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University of Hawaiʻi Mānoa professor Susan Crow, who is leading a $40-million U.S. Department of Agriculture (USDA) grant to assist Hawaiʻi farmers, ranchers and foresters in implementing sustainable and climate-smart practices was an invited speaker at the annual American Geophysical Union (AGU) in December 2023, which hosts more than 25,000 attendees.

Crow presented “Overcoming barriers to implementation through a holistic framework for characterizing place-based suites of practices that achieve meaningful climate benefits,” and AGU produced a video of her research that was shown at the conference.

Person watering crops

“The climate-smart agriculture session highlighted research around the world tracking holistic impacts of innovative practices on climate and communities and really showcased the intersection of basic research and solutions-oriented approaches,” said Crow, a professor with the UH Mānoa College of Tropical Agriculture and Human Resources. “I was honored to be an invited speaker and open the session.”

The conference connected researchers, students and community members from Hawaiʻi with the greater scientific community to network and share our views with others.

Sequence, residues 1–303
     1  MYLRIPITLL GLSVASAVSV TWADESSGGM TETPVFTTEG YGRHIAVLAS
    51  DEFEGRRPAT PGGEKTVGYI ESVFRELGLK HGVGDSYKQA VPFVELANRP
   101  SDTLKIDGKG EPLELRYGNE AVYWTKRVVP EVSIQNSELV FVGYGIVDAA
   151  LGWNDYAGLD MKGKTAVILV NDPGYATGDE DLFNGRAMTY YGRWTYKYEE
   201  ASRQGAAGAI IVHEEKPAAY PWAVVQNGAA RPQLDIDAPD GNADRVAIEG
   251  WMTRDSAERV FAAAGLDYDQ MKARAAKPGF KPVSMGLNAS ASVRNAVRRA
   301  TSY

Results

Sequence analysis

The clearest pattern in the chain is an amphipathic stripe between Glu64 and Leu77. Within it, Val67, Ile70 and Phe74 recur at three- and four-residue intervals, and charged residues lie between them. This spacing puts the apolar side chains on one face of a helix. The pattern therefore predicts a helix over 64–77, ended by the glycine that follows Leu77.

Crow and her team created the Hawaiʻi Partnership for Climate Smart Commodities to develop equitable practices, data systems and decision support tools to promote and actuate meaningful climate benefits in agroecosystems guided by Hawaiʻi-based producers and ancestral practitioners. The project will identify, implement and incentivize the continuation of innovative and Indigenous practices that improve or maintain soil health and generate climate benefits.

“Our current work through the Hawaiʻi Partnership for Climate-Smart commodities is focused on grounding in equity and addressing the many, complex barriers experienced by those in Hawaiʻi to better care for their productive lands,” said Crow. “We aim to support future markets for locally produced, climate-smart (think: ‘in Hawaiʻi, for Hawaiʻi’) food and forest products, and in doing so propel necessary change in local food systems and resiliency of landscapes and communities.”

The AGU attendees come from around the globe to share and learn about the planet and environment, and ask questions surrounding climate change and increasing equity and justice in a changing world.

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